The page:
Get started with these sample contracts from New Tech Network, and watch the video below to learn more about team contracts. Grades 9-12 / All Subjects / Pbl Please enable Javascript to watch this video A huge benefit to structuring collaboration is that peer pressure begins to work in your favor. 1. Most kids don’t know how to effectively collaborate. 2. 3. Be sure to have a balance of both individual and group tasks. 4. Marana Unified School District - Productive Group Work. During Productive Group Work, students collaborate about content in order to clarify their understanding, defend their reasoning, and practice new skills. As stated in Better Learning Through Structured Teaching (Fisher and Frey, 2008), “Collaborative learning provides a critical bridge in student learning because it allows novice leaners to refine their thinking about new concepts and skills.”

Many teachers automatically associate Productive Group Work with the idea of a group of 4-6 students working over several days on an assigned project. This is one instance of what a Productive Group Work task could look like, but effective Productive Group Work is not limited to this example. Productive Group Work is an opportunity for students to collaborate about content in a variety of ways: discussing ideas, sharing additional examples, debating concepts, and practicing new skills. Students could be in pairs, triads, or table teams for this collaboration.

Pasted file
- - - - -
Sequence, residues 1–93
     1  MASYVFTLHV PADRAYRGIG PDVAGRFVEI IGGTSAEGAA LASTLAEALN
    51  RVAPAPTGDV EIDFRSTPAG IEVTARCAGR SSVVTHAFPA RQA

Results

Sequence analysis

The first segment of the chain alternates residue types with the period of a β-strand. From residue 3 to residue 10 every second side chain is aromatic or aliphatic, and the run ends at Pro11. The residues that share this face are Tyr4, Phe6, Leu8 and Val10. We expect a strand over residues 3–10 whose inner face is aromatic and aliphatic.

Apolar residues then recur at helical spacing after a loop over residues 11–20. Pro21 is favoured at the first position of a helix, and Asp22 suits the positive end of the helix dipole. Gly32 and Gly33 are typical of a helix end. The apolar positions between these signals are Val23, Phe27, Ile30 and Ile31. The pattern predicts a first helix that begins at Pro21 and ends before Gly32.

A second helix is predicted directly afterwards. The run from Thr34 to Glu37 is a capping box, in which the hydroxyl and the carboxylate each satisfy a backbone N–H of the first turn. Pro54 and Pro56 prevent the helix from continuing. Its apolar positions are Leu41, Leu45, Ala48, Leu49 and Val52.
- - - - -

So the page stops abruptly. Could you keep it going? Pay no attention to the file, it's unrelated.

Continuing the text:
Not Just Group Work -- Productive Group Work! We know that group work can be instructionally effective, but only if it is productive. We don't just want busywork when students work in groups -- we want learning! Work doesn't always create learning, an idea that many teachers still struggle with. These teachers make the assumption that even with a clear task, group work will be productive.

Conversely, many teachers assume that when building classroom culture, group work will be productive as well. Actually, multiple factors lead to effective and productive group work, but all must be in place to make it happen. Clear Intention The purpose of group work needs to be clear not only to the students, but also to the teacher. Heterogeneous vs. Similar to clear intention, heterogeneous and homogeneous grouping must be intentional in choice.

The Importance of Structure As explained in the video about PBL, structured collaboration is key. Scaffolding Culture How are you building a culture of collaboration in your classroom?